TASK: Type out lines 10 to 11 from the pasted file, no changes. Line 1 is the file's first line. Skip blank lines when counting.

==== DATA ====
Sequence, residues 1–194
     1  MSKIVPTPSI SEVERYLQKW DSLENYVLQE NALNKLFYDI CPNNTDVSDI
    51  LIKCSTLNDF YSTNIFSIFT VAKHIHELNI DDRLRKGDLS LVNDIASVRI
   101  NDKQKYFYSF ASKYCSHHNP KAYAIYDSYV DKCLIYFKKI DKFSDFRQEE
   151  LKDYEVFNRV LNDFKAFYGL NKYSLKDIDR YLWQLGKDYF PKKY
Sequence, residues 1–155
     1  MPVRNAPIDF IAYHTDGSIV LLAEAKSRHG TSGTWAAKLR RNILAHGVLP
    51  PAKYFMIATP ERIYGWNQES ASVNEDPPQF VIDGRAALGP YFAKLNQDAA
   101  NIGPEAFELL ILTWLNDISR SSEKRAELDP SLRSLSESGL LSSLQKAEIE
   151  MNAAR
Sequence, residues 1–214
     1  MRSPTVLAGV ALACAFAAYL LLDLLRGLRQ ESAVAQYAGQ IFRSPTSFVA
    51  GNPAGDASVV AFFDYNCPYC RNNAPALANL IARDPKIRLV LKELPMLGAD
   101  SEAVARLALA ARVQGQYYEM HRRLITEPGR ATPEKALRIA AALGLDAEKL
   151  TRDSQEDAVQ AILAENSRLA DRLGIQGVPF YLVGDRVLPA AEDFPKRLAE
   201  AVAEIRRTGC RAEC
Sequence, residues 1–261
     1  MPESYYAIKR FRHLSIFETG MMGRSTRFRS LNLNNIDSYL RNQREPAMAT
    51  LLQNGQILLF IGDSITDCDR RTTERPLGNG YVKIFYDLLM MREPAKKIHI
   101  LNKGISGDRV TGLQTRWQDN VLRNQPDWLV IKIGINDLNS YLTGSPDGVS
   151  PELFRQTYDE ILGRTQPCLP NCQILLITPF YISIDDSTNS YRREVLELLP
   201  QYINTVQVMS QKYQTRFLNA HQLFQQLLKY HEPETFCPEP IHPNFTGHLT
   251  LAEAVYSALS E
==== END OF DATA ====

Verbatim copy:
   151  MNAAR
Sequence, residues 1–214